Amaru, who is married to an agricultural engineer, prefers not to elaborate on her decision to leave the privilege of holding a university degree to her husband, settling instead for a vocational degree to avoid making trouble or creating conflicts in the family.
But it is on her shoulders that the bulk of the workload falls. She works long days, rising at six in the morning, when the temperature in the Andean highlands drops below zero degrees Celsius. She takes care of her daughters – who go to school in town -, does all the housework and the cooking, and tends to the family plot.
There she grows vegetables and raises animals, overseeing production activities and working harder than her three hired hands. But she underlines that her husband is the one in charge. She works 15 hours a day, which extend to 17 hours during the harvest.
Amaru admits that for all that effort her only reward is "the satisfaction of having a good yield," but she says, "that’s just the fate of women."
Women just have to bear with it
In fact, in the hundreds of interviews with Aymara women that Nina Huarcacho conducted, she heard one phrase over and over again when she asked them to describe what their duties are according to the community’s traditions and rules. Most women said they "just had to bear with it," even when that meant putting up with abuse and mistreatment.
For Amaru, violence is a natural part of "any home," and she said that Aymara women rarely resort to the traditional community justice system because it is in the hands of men, and these men know the women’s husbands and will tend to side with them.
Aymara women are for the most part denied access to land, only inheriting household equipment and furniture, while real estate property is passed on to the men in the family. Only if they are an only child can women remain in the parental home after they marry, but then the husband takes over running the land.
In January, Bolivian voters approved a new constitution that was drawn up by a predominantly indigenous constituent assembly. The assembly-members were chosen in elections convened by the country’s first native president, Socialist Evo Morales.
Morales, an Aymara Indian, had called on the assembly-members to "refound" Bolivia, and following that mandate the constituents gave greater rights to the country’s indigenous majority.
Under article 304, for example, the constitution grants autonomous indigenous and peasant communities the right to exercise jurisdiction over their territories, administering justice and conflict resolution pursuant to their own rules and procedures. But that principle still requires a law to regulate it and reconcile it with the principle of gender equality, which is also protected under the new constitution.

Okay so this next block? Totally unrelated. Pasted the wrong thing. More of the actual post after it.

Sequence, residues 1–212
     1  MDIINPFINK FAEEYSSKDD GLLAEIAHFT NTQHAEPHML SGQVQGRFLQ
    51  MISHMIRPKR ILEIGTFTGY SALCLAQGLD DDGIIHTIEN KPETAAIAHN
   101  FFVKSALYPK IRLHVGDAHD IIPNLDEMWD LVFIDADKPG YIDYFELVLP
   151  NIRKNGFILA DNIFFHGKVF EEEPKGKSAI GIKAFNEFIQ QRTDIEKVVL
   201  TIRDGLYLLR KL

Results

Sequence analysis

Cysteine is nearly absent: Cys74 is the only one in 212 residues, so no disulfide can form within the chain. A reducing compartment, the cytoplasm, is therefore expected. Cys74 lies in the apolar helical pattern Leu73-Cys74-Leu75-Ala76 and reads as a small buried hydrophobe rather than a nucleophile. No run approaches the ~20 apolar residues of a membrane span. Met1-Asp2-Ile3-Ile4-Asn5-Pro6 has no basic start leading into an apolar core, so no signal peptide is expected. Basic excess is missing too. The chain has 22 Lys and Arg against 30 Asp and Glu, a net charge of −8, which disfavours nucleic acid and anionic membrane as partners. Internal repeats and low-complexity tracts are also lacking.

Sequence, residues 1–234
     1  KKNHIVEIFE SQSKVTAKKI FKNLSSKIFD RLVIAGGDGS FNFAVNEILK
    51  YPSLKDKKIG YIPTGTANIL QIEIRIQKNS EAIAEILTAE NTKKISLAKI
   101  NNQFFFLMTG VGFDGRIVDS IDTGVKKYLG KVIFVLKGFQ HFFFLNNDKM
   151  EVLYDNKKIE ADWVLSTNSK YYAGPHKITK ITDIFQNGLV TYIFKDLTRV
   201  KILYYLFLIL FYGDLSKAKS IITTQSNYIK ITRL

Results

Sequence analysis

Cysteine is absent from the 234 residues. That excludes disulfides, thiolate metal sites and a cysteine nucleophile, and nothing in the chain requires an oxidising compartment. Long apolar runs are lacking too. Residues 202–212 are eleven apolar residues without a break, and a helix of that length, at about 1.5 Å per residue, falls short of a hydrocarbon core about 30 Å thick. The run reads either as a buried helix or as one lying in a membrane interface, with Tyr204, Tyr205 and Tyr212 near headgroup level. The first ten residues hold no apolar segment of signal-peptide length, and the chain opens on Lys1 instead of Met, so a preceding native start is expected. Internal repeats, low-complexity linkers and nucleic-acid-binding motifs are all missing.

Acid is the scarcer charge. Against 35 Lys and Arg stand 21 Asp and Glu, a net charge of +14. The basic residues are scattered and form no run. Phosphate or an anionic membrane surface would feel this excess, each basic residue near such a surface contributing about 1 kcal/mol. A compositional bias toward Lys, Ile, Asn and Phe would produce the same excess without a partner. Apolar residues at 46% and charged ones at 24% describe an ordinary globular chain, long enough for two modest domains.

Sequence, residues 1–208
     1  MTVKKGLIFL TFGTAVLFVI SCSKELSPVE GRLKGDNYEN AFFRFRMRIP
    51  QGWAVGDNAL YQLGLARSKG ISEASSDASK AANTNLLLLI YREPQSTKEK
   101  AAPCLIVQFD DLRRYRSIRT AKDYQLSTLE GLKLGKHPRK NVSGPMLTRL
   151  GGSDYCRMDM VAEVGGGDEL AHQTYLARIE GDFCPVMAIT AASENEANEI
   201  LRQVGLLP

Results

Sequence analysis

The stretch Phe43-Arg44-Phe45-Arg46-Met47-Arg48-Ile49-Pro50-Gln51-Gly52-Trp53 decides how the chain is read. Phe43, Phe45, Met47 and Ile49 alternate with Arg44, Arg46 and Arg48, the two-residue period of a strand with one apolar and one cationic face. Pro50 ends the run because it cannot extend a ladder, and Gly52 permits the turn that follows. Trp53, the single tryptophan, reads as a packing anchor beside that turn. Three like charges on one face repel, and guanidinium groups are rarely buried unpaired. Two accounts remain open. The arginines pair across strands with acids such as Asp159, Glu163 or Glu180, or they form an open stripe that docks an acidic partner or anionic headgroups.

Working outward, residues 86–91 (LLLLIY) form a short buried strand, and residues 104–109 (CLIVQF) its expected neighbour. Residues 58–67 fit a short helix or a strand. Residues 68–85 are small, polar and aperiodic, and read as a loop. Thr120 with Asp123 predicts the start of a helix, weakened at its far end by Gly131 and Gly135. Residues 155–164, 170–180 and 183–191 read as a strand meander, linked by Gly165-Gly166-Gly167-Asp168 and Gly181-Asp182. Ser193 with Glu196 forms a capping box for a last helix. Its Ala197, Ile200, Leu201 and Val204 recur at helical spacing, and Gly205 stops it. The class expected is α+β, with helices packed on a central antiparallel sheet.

Nina Huarcacho said that the women interviewed "say they know very little about traditional community justice," and even less about how the ordinary justice system can help them protect their specific gender rights.
They expressed a desire to know their rights, but "they also said things like having to accept life as it is and that putting up with violence is just part of being a woman," she explained.
Some of the women interviewed believed that punishment enough for a man is "having to stay with me and take care of me when I’ve been beaten," Nina Huarcacho said.
In most cases, rural indigenous women "don’t form their own conception of justice. It is formed by their surroundings, which dictate what is good and what is bad, and builds their values and culture," attorney Adriana Ríos, an expert in gender and justice issues, told IPS.
Therefore, "Aymara women’s expectations for obtaining support for the protection of their personal rights in the community are nonexistent, more so in those places in which the community has gotten rid of ordinary courts and administers justice directly," she said.
In addition, the lack of basic legal knowledge and instruments preclude a proper application of community justice, Santos Mamani, head of the Children and Adolescent Defence Office in Calamarca, told IPS.
Manami, an attorney, has in fact been forced to fill gaps, taking on tasks such as family reconciliation and assuming the role of justice of the peace, while he tries to address the lack of knowledge of women’s rights through special training and awareness-raising courses.
In his municipal office, Mamani deals with cases from Calamarca and many remote villages, mainly pertaining to marriage and family problems, or abandoned children.
Based on the interviews, the study concludes that the role of women in the communities "is, above all, that of being companions to their men, like symbolic ornaments that serve to legitimate the rhetoric of equality, but without accepting it as an alternative form of political organisation."